Period Sewing Techniques


As this site is divided into eras, technical hints tend to be scattered all across. Most of them are found in the 18th and early 20th century chapters – the latter are also relevant for the late 19th century, and there you have it: Not all techniques are restricted to one era. This page contains some cross-era hints.


Patterns on this site, and many from books, have to be scaled up from a printable to a usable size. There's an extra page for that.

Then you have to fit the pattern to your size. There's a loot of books that deal with this problem. They are meant for modern patterns, but the priciple is the same. With the usually close-fitting bodices, you should always make a mock-up out of cheap fabric, anyway. Fit it over the underwear that was normally used during the period you have in mind, e.g. shift, stays and paniers or shift, corset and bustle. Wear the mock-up with the seam allowances facing outwards for easier adjustments. If possible at all, the fitting should be done by someone who knows a thing or two about sewing and fitting. If you don't have such a someone available, a dummy will have to do, but consider that modern dummies don't have the shape of a corseted body - even if you put your corset on it. In the 18th century, for instance, the stays pushed the breasts up, but try that with a modern dummy... I haven't tried that yet, but maybe it works if you use a smaller dummy, put your corset on it, and stuff rags into it wherever needed.
If seam lines need to be altered, have them marked on the mock-up fabric, not just pinned. Take the mock-up apart, cut it along the new lines, and either use these pieces of fabric as pattern or copy the changes back onto paper.

Visible Seams

are an unusual sight for anyone used to modern sewing techniques. Teachers and books have done their worst to persuade us that they are hideous. However, this demonisation of visible seams was invented only in the latter half of the 19th century. Before that, seamstresses had a much more relaxed view. For instance, darts that were introduced during fitting can be folded down onto the fabric and affixed there with running stitches along the edge – only by hand, of course, and with small and regular stitches. For the late 19th century and later, I'm afraid you will have to turn the darts around to the back and sew them from there.You'll have to be very careful when doing so lest they slip.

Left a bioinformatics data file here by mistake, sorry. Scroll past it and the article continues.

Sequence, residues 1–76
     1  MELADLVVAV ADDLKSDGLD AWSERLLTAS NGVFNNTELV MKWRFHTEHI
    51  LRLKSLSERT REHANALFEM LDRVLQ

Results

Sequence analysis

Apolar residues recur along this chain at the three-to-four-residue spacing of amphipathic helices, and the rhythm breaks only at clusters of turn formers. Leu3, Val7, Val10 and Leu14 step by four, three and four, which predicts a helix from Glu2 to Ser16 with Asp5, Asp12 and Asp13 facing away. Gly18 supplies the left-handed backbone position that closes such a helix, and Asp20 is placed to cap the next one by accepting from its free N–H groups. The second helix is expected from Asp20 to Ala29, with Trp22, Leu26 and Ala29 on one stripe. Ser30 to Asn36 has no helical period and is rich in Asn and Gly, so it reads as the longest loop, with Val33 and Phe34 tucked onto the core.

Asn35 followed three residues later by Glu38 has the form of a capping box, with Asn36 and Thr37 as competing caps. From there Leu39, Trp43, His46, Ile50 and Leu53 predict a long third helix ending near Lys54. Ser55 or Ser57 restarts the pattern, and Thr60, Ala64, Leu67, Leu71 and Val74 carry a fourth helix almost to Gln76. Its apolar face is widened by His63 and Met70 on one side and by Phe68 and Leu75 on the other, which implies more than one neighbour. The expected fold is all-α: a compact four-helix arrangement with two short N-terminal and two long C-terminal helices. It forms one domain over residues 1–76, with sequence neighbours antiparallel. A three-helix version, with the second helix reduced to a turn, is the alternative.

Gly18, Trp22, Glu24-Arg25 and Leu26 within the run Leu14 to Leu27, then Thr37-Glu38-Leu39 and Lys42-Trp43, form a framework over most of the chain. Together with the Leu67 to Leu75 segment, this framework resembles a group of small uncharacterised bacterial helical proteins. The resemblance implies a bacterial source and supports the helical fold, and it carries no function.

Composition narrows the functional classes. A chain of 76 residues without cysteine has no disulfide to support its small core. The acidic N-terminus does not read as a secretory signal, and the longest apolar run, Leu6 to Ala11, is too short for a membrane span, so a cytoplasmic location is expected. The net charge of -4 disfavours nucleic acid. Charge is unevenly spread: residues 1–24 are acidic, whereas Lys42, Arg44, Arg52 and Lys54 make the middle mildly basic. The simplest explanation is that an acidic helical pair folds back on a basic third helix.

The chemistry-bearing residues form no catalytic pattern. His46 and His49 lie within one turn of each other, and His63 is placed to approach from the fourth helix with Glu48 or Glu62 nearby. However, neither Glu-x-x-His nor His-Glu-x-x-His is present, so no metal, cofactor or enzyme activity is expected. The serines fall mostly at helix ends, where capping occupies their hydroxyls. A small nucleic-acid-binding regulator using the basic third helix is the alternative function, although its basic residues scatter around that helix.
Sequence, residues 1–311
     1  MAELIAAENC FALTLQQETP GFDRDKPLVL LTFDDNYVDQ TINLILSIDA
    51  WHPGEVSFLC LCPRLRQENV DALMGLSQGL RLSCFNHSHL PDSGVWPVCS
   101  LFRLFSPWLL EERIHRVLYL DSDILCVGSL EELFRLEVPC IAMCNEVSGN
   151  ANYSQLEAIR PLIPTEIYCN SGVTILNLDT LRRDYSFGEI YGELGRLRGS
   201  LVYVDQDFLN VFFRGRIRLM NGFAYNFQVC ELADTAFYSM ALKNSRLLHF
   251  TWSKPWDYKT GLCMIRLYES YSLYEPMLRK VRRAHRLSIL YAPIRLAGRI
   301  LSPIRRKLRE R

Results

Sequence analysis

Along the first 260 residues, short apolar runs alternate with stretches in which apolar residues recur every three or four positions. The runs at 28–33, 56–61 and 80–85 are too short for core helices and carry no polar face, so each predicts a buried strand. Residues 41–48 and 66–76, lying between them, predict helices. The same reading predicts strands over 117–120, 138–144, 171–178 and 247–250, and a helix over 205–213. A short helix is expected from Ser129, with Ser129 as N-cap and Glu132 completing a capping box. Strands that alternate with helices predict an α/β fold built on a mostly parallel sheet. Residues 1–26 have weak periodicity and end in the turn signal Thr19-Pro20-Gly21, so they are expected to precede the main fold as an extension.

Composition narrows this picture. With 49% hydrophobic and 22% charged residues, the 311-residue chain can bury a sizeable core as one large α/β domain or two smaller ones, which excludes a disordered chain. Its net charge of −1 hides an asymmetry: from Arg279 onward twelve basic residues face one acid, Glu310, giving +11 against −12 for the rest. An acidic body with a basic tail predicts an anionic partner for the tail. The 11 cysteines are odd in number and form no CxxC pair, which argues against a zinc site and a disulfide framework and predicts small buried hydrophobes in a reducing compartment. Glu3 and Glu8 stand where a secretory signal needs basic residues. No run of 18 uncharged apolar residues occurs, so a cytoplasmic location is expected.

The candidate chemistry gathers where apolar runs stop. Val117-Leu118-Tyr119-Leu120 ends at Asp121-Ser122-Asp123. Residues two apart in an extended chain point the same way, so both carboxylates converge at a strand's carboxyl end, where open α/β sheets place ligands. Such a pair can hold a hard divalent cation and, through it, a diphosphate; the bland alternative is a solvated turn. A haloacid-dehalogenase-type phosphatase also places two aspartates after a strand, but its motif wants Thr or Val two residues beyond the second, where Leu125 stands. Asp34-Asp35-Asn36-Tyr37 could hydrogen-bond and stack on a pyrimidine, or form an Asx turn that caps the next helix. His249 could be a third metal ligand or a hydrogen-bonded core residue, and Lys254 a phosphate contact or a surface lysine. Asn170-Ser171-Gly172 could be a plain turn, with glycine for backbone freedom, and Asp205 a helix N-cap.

Somewhere between 1800 and 1810 (I don't remember the exact year, but the number '1806' is jumping up and down and waving at the back of my mind) a technique was invented that allowed the production of cotton thread strong enough for sewing. Before that, only linen and silk thread were tearproof enough to be used as sewing thread. Silk thread was too precious to use on linen and wool fabrics, so silk was sewn with silk thread, linen and wool with linen thread. Before the invention of chemical dyes (late 19th century), linen was difficult to dye, so most linen sewing thread was usually left undyed. It is, therefore, perfectly authentic to use unbleached linen thread on, e.g., dark blue wool fabric. If you take authenticity far enough to use undyed thread, you should always sew the seams by hand: If the seam is pulled apart under strain, a machine seam would be too conspicuous.


is, to some extent, part of the "visible seam" theme. When fabrics were woven by hand, they usually were only 60-80 cm wide and more expensive than the labour that went into tailoring. Making the most of the fabric available was an art in itself. You may have experienced cases where economical use ofthe fabric wasn't possible just because of a tiny corner of the pattern piece didn't fit onto the fabric. Nowadays, you move the piece until it fits, even if it means that you need half a metre more. In earlier times, one would have thought nothing of cutting the missing corner from some other part of the fabric – even if the seam where it was sewn on was visible, even if the missing corner was only the size of a thumbnail. I've even seen an extant dress where the compère – a highly visible part of the dress – was pieced together out of ten or more pieces without any regard for the (striped!) pattern.

Neatening Edges